Publishing Company: Zondervan
Release Date: April 7th, 2015
Quality of writing: 3 1/2-4 out of 5 stars.
“Chelsea Morris has always been responsible, dependable, and focused on her dreams of fashion design, a dream that will officially begin come fall, when she leaves for college in New York City. As she settles into her role as the lead designer for the local summer stock theater group, she decides to make the most of her last summer in North Carolina. But with her best friend Emily busy working late and spending time with Zander, and tensions with Chelsea’s boyfriend, Todd, running high, the summer she envisioned seems to be falling flat.
Then Dylan joins the latest summer production. There’s something about the college boy that makes her feel free and alive, and soon she’s broken up with Todd, and is sneaking out late to meet Dylan at parties and breaking rules at the playhouse. But before she knows it, her exciting nights are interfering with her job, her role on the play, as well as her relationship with Emily and with her parents. Worse, Chelsea finds herself feeling more and more estranged from God. As the summer becomes wilder than she ever dreamed, Chelsea must decide if her heart is leading her in the right direction after all.”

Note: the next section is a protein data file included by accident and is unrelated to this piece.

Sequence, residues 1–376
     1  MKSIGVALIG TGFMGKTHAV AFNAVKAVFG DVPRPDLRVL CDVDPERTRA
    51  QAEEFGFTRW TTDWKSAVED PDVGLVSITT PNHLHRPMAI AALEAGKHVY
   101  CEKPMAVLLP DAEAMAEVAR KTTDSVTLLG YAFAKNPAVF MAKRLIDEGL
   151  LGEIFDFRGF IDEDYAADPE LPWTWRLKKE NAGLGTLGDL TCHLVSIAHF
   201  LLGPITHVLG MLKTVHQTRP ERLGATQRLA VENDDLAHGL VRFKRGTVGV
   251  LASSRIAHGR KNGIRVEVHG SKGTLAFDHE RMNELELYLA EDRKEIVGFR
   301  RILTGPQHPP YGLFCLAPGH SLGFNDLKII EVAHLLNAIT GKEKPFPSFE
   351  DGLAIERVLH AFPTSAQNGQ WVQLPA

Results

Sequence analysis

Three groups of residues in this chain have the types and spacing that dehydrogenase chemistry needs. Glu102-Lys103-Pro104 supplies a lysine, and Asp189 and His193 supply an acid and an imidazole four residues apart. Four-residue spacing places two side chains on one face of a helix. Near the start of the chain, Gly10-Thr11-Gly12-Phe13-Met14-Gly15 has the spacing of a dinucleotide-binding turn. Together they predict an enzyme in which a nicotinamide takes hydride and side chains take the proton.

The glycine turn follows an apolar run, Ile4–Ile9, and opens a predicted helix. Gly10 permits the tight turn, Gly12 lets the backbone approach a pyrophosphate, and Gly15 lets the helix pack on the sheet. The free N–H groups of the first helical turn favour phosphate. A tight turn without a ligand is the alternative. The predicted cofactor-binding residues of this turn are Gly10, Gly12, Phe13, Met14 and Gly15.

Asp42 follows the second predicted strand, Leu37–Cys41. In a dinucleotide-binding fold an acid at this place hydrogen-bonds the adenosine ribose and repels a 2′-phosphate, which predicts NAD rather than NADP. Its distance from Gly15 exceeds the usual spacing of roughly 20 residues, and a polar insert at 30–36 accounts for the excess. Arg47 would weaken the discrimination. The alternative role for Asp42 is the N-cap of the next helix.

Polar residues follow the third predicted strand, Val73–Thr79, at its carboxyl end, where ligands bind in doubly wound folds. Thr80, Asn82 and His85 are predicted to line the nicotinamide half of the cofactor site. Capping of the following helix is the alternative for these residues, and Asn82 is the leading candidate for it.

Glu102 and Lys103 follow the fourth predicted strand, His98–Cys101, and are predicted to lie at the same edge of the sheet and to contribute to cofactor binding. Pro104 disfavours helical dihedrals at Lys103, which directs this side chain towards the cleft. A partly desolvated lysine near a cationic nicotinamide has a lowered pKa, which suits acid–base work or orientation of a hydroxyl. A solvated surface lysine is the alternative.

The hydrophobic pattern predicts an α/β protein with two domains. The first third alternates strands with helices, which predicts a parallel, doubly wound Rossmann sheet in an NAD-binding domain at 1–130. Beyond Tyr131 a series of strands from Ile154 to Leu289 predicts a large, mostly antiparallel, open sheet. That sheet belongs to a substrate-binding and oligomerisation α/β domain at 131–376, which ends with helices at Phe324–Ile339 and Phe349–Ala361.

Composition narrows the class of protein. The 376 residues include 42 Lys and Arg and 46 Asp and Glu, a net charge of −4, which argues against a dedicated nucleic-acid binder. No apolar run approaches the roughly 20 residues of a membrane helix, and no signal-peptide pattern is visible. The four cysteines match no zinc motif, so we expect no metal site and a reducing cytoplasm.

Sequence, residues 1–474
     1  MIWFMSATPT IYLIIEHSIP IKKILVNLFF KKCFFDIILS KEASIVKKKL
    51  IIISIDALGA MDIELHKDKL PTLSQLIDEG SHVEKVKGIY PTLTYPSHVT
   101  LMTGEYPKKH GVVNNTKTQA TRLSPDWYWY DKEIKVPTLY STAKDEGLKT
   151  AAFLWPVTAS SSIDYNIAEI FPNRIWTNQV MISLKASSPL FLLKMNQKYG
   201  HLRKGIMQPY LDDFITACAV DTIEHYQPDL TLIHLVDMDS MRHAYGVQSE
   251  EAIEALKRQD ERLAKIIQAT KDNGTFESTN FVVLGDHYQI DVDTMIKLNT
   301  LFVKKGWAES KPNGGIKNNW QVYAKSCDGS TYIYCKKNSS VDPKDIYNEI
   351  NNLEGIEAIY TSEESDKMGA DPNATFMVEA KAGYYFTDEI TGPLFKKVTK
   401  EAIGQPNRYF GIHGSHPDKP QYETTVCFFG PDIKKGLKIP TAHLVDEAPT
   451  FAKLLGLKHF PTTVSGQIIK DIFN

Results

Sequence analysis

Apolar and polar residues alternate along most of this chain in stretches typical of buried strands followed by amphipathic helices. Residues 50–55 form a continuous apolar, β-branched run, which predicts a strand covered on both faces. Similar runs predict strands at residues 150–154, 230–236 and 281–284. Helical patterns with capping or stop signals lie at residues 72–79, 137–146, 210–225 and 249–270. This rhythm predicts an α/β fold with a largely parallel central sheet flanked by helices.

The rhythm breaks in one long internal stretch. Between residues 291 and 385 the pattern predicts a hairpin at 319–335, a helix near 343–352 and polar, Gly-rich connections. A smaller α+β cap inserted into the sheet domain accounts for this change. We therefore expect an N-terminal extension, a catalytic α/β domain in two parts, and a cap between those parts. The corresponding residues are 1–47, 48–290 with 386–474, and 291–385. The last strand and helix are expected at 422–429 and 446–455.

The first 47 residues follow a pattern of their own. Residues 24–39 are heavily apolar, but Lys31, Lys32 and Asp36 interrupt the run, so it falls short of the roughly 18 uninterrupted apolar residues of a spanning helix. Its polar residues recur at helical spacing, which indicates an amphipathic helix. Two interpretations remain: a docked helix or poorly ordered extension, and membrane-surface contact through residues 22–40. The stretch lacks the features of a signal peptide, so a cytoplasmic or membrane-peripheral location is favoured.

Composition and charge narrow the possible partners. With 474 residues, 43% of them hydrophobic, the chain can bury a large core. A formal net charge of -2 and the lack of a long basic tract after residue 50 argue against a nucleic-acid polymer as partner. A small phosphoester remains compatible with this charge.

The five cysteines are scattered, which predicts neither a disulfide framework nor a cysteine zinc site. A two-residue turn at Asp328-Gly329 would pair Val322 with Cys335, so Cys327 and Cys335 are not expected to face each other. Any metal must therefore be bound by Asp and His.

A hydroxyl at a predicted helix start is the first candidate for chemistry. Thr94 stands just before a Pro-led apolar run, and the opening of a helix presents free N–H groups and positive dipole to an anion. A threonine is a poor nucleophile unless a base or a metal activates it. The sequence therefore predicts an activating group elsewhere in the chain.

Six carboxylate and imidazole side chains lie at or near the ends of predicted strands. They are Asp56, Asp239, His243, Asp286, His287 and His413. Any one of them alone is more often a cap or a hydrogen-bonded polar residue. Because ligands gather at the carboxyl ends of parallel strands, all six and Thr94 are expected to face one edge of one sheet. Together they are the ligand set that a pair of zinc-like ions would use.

Thank you Zondervan Publishing for the ARC. This in no ways has affected my review.
“Miles from Nowhere” by Amy Clipston was an pretty good book. It wasn’t necessarily my cup of tea, but it had a good moral at the end, and Chelsea’s issues were solved or in the process of being fixed when the book finished. I got what the author was getting at, and she did a good job of writing, but I just never connected to any of the characters and that made me feel very distant from the story. It was a good book, just not for me.
I would definitely recommend it to younger readers (middle school to early high school age) because it had a good moral, it was shorter and paced pretty well, and it was a clean read. There was some alcohol use but the author addressed that issue well, so I don’t think that would be a problem for younger kids and teens.